“This is an ambitious and remarkable novel, wonderfully voiced, about memory, secrets, guilt, and the dangers of certitude. Moreover, it asks essential questions about what it means to be an American and, in a sense, what it means to be America.”—Booklist (starred review)
“Fascinating and wisely observant.”—O: The Oprah Magazine
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Read an Excerpt
Andersen / TRUE BELIEVERS
My publishers signed me up a year ago to write a book, but not this book. “A candid and inspirational memoir by one of the most accomplished leaders and thinkers of our times,” their press release promised. They think they’re getting a slightly irreverent fleshing out of my shiny curriculum vitae, a plainspoken, self-congratulatory chronicle of A Worthy Life in the Law and the Modern Triumph of American Women, which they’re publishing, ho-hum premise notwithstanding, because I’ve written a couple of best sellers and appear on TV a lot.
By far the most interesting thing about my life, however, is nowhere in my résumé or official bio or Wikipedia entry. I’m not exactly who the world believes I am. Let me cut to the chase: I once set out to commit a spectacular murder, and people died.
But it’s not a simple story. It needs to be unpacked very carefully. Like a bomb.
Trust me, okay?
I am reliable. I am an oldest child. Highly imperfect, by no stretch a goody-goody. But I was a reliable U.S. Supreme Court clerk and then a reliable Legal Aid lawyer, representing with all the verve and cunning I could muster some of the most pathetically, tragically unreliable people on earth. I have been a reliable partner in America’s nineteenth largest law firm, a reliable author of four books, a reliable law professor, a reliable U.S. Justice Department official, a reliable law school dean. I’ve been a reliable parent—as trustworthy a servant, teacher, patron, defender, and worshipper of my children as anyone could reasonably demand, and I think on any given day at least one of the two of them would agree.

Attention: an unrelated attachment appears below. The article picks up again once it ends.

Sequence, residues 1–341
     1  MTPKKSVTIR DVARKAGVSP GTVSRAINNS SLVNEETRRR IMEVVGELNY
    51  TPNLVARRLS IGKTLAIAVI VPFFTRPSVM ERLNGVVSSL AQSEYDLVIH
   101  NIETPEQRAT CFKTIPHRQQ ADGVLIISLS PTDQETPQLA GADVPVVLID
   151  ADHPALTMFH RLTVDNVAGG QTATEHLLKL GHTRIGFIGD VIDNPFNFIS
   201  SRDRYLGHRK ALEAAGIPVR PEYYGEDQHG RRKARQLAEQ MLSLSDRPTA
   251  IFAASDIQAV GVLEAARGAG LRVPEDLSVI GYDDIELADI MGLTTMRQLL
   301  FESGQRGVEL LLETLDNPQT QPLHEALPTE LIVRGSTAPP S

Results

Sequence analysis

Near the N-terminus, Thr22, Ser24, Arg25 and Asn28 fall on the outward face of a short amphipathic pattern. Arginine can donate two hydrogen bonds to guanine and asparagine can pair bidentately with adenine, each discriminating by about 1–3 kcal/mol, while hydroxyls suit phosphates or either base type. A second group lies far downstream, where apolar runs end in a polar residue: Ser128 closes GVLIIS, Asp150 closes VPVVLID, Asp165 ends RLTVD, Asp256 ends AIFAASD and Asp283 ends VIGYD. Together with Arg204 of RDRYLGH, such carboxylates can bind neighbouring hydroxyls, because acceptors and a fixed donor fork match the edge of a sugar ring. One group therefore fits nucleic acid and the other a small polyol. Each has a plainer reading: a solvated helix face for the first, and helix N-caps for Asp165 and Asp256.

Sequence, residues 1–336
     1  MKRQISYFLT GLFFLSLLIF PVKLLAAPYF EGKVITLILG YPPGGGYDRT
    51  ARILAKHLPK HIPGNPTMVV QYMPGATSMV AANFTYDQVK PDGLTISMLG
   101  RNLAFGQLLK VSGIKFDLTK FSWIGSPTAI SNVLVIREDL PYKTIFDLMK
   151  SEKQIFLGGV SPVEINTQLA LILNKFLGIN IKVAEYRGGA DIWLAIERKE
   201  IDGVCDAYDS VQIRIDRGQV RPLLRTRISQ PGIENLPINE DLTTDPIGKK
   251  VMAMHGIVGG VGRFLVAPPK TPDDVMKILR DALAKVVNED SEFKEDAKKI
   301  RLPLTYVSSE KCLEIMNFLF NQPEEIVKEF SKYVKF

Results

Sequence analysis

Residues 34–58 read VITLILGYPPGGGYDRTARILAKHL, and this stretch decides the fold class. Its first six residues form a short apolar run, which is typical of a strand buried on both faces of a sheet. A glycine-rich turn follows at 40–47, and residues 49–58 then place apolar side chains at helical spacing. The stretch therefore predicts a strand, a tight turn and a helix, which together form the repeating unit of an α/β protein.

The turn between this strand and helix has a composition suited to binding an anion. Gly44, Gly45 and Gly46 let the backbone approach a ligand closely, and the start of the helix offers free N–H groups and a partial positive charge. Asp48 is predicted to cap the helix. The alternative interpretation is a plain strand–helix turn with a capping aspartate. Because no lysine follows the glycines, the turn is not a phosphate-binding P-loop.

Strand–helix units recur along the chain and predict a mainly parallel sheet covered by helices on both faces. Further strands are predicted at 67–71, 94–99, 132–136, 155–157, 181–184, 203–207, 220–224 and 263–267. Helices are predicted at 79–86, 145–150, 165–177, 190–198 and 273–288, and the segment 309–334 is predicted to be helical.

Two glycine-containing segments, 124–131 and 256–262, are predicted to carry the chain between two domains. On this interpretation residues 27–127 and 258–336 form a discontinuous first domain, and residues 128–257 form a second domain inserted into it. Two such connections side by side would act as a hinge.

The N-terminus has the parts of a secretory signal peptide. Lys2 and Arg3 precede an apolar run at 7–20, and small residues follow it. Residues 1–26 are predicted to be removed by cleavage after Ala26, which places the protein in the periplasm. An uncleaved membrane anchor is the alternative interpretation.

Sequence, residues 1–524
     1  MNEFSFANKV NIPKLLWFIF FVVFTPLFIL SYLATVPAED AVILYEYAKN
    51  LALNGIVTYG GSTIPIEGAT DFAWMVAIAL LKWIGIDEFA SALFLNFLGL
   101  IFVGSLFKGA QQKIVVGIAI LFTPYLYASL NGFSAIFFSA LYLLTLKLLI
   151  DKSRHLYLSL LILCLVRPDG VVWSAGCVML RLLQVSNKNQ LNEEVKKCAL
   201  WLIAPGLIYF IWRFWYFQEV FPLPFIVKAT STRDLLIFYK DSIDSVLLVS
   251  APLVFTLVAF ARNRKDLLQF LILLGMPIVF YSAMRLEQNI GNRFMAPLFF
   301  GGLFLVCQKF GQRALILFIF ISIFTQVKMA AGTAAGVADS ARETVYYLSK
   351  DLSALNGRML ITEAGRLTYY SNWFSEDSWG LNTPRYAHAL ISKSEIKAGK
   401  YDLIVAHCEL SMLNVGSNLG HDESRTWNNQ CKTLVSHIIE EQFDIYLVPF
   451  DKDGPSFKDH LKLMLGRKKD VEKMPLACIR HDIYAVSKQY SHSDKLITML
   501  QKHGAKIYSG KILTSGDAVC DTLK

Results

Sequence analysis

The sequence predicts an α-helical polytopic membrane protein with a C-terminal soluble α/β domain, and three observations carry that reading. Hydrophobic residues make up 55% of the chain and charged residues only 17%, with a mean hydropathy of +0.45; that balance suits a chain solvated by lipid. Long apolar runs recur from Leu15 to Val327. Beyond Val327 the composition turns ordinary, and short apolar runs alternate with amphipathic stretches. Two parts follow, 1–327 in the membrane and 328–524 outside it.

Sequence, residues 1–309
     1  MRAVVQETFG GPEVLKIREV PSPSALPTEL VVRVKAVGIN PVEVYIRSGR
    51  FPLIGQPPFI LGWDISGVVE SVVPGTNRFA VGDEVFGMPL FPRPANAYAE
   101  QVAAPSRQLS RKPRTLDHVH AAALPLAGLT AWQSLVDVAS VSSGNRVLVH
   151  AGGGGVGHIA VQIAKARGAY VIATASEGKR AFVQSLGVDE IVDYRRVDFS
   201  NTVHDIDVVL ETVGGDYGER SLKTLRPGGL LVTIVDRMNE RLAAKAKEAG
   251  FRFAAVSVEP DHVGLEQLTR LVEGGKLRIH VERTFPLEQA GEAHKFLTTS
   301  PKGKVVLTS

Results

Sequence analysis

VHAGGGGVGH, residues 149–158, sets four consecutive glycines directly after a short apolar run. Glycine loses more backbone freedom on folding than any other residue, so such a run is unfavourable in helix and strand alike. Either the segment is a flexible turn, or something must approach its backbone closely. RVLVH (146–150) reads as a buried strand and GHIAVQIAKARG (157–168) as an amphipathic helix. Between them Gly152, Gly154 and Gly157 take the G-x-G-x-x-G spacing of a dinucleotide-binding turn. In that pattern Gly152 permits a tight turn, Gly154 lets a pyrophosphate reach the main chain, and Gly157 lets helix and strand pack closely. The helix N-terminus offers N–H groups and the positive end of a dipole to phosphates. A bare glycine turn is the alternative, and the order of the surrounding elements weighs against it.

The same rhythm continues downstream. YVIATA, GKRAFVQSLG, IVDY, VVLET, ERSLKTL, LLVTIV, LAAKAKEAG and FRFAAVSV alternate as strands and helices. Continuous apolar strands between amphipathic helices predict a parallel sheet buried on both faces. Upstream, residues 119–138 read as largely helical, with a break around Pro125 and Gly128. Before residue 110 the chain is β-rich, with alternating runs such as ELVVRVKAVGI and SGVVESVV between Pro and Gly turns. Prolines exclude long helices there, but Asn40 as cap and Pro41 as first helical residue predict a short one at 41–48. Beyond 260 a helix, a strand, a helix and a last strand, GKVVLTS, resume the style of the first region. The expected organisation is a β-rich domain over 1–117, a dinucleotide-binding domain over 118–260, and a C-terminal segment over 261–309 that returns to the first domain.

I was not an entirely reliable wife for the last decade of my marriage, although my late ex, during our final public fight, called me “reliable to a goddamned fault,” which is probably true. And which may be why the surprising things I did immediately afterward—grabbing his BlackBerry out of his hand and hurling it into a busy New York street, filing for divorce, giving up my law firm partnership, accepting a job that paid a fifth as much, moving three thousand miles away—made him more besotted by me than he’d ever seemed before. As my friend Alex said at the time, “That’s funny—telling Jack Wu ‘Fuck you’ finally made him really want to fuck you.”
I am reliable, but I’m not making the case that reliability is the great human virtue. Nor am I even making the case that reliability is my great virtue. In fact, after four decades in the law, I’ve lost my animal drive for making cases for the sake of making cases, for strictly arguing one of two incompatible versions of the truth, for telling persuasive stories by omitting or twisting certain facts.
So I am not arguing a case here. I’m not setting out to defend myself any more than I am to indict myself. I’m determined to tell something like the whole truth—which, by the way, I don’t believe has ever been done in any American court of law. To tell the whole truth in a legal case would require a discovery process and trial that lasted years, hundreds of witnesses each testifying for many weeks apiece, and rules of evidence rewritten to permit not just hearsay and improperly obtained information but iffy memories of certain noises and aromas and hallucinatory hunches, what a certain half-smile or drag on a cigarette decades ago did or didn’t signify during some breathless three a.m. conversation.